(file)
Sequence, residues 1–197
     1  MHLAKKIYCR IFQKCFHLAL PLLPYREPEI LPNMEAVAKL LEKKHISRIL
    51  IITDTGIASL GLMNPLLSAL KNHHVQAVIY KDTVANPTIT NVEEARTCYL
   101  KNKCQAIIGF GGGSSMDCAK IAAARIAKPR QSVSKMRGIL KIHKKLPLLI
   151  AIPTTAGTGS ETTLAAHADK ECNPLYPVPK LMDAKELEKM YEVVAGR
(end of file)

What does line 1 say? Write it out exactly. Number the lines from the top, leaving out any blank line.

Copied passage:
Sequence, residues 1–197